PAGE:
Tue. Apr 23rd, 2024

“A Lot Like Love,” starring Ashton Kutcher and Amanda Peet, teases audiences with its tagline, “Thereʼs nothing better than a great romance… to ruin a perfectly good friendship.” Unfortunately, there is no friendship in this movie and after seeing it, Iʼm still waiting for the great romance. The movie begins as Oliver (Kutcher) is leaving to go to New York to visit his brother, and Emily (Peet) has just broken up with her boyfriend as heʼs dropping her off at the airport. Emily seems to be looking to join the “Mile High Club” with Oliver as she pushes herself into the bathroom while heʼs occupying it.

The movie is reminiscent of “Serendipity,” which had a measurable plot and was entertaining and cute. This film, though, tries to play into that “fate will win all” twist and make the audience believe that these characters will eventually wind up together, despite life getting in the way. When the two first become friends, Emily is in a “punk” stage and Oliver is a year out of college, still trying to find his way as he plots to do something with the Internet.

The movie spans the course of seven years, during which Emily grows her hair out, finds a writer boyfriend, and auditions for a low budget movie where she apparently will play a vampire. Oliver moves out of his parents home, starts an Internet company selling diapers, and is dumped by the woman he is living with because of the amount of time he spends at work. There is no great friendship, and no real emotional attachment between these characters, as the movie gives a little bit of them together, slowly falling in love, only to jump to why they canʼt be together at the present moment. Then it jumps ahead a few more years to when they meet again.

The movie is obvious in its intent. It wants us to fall for these characters and to believe that they should be together despite jobs, location and relationships getting in the way. Once the idea of them together takes hold on the audience, itʼs quickly taken away.

“A Lot Like Love” is clich in that the audience knows whatʼs going to happen before the characters do, and weʼre just sitting in our seats, waiting for it to get to the part where maybe there will be a happy ending. There are the defining moments of their relationship– Emily is obviously quirky, she wants to be spunky and spontaneous, but the character development falls flat. Itʼs almost as if Amanda Peet wants to make her the girl who changes Oliverʼs life, who makes him want more than he thinks he deserves, but she canʼt quite get there because the rules of the clich, “put them together, pull them apart,” are holding her back. Likewise, Oliver canʼt seem to get his life together and while itʼs obvious heʼs in love with Emily, there are just too many things standing in his way. He sings Bon Jovi on his guitar to her entire apartment building, for crying out loud, something so overdone in the movies that it should be completely banned.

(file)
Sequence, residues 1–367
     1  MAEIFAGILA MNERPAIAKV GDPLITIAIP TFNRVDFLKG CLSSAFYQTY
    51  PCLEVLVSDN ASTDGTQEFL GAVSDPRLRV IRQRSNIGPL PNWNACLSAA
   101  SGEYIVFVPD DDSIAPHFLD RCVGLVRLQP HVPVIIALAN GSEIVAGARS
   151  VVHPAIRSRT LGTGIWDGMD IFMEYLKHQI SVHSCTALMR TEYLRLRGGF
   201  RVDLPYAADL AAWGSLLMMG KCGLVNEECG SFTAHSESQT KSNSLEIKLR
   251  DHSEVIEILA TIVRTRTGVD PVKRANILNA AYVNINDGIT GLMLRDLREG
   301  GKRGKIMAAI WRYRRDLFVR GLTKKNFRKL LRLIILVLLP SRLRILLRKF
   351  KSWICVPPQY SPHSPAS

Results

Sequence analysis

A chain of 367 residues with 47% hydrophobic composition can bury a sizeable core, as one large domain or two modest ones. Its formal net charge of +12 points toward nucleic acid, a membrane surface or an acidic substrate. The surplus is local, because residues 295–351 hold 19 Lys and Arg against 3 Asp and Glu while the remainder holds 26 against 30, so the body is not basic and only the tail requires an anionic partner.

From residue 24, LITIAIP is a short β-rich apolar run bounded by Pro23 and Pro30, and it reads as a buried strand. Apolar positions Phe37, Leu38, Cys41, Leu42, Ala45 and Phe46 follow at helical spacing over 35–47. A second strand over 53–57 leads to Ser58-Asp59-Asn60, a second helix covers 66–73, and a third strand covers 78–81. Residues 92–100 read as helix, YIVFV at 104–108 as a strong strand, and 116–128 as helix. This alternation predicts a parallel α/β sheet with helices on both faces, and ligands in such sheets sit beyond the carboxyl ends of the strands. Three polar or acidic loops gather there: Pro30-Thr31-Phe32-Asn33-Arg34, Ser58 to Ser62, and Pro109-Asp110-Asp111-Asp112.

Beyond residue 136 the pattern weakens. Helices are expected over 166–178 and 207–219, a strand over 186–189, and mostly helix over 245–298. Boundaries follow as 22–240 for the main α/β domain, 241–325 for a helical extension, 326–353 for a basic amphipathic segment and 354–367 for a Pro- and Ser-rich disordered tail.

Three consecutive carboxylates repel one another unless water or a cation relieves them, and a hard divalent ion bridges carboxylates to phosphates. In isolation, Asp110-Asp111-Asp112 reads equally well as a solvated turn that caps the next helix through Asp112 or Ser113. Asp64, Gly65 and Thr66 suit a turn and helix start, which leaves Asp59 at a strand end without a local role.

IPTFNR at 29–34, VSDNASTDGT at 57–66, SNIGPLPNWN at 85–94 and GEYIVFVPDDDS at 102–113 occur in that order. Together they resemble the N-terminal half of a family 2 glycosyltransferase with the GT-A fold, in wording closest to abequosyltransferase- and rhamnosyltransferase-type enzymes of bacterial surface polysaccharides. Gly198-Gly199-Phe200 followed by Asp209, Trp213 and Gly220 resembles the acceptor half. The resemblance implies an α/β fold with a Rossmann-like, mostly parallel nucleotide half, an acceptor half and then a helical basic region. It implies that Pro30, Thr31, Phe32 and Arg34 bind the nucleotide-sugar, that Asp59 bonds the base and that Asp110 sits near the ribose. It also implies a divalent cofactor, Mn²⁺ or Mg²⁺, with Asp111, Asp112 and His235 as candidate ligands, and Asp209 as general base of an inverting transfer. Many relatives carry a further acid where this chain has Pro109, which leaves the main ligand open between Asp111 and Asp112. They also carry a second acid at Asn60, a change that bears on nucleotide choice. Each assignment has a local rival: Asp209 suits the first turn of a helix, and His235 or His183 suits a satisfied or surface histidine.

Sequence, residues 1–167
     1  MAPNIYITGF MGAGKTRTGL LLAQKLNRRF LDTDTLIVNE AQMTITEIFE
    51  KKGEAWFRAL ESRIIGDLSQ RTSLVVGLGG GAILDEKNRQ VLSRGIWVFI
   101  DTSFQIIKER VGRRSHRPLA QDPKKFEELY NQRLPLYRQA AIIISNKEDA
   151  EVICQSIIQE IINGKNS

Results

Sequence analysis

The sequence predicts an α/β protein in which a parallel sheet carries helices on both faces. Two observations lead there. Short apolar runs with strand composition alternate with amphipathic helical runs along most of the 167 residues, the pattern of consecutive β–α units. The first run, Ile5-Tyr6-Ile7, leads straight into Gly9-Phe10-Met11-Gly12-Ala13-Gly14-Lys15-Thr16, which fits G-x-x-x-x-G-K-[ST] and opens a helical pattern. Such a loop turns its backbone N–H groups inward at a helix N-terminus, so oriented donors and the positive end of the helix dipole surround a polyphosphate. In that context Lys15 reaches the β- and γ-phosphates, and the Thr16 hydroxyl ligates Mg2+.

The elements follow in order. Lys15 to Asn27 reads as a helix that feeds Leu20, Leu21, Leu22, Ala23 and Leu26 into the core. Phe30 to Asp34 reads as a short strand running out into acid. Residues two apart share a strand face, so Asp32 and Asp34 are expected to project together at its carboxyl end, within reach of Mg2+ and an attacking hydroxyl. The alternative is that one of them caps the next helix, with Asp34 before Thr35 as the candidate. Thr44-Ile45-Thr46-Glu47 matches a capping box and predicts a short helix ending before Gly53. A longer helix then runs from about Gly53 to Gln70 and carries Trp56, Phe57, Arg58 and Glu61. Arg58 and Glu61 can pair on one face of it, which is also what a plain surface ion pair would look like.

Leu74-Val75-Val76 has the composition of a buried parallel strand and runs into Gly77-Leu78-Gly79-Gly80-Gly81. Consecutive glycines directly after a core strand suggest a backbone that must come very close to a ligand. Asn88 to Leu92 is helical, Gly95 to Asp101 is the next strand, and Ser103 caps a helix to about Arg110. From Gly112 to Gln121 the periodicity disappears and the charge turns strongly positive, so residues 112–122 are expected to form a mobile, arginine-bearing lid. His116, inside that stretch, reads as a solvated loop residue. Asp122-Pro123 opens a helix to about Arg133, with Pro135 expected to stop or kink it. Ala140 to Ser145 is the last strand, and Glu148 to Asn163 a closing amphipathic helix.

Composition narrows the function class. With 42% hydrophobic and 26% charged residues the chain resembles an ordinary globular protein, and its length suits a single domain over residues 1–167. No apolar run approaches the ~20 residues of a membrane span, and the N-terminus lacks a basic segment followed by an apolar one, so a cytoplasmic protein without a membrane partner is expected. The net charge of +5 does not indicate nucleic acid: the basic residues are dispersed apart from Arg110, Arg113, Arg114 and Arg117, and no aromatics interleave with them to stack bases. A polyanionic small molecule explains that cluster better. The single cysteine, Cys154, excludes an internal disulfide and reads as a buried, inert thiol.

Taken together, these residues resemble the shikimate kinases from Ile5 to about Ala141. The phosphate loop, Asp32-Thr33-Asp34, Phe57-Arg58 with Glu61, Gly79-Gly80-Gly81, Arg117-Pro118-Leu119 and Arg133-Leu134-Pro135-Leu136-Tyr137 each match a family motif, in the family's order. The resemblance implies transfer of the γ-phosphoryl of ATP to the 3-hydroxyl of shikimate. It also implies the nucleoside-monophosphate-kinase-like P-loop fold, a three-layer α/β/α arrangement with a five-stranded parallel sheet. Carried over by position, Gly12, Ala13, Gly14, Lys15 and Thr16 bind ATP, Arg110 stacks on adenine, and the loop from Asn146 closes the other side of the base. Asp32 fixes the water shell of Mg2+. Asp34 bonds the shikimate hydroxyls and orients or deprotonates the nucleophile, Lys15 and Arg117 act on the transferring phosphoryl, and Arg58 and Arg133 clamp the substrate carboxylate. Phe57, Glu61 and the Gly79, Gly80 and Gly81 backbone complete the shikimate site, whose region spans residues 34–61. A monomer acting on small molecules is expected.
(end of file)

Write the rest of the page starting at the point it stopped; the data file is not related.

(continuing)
The move, while flattering to her, is not as romantic to the audience and is brought to an abrupt end with her “shocking” announcement: sheʼs engaged, and heʼs six years too late. And once again, after all these years of back and forth, the ping-pong effect has come to a stand still– will they live happily ever after?

Maybe. But the truth is the movie doesnʼt give the audience enough time to become invested and really care. It moves through the years too quickly and never expands their relationship more than a few scenes (a party, a road trip, a scene in a restaurant where they donʼt even talk!). The movie is too superficial in pushing what it wants the audience to believe about the people rather than working to make their relationship even half plausible. Sure, theyʼre cute together and sure, itʼd be nice if these two people found one another despite their disorganized lives, but the movie is too abrupt and too awkwardly portrayed for the audience to really even bother caring. Itʼs a real disappointment, especially because its predecessor, “Serendipity,” made fate fun and worthwhile, with characters that were not clichs but rather were real people that the audience could care about. Instead, “A Lot Like Love,” was a lot like a big disappointment.

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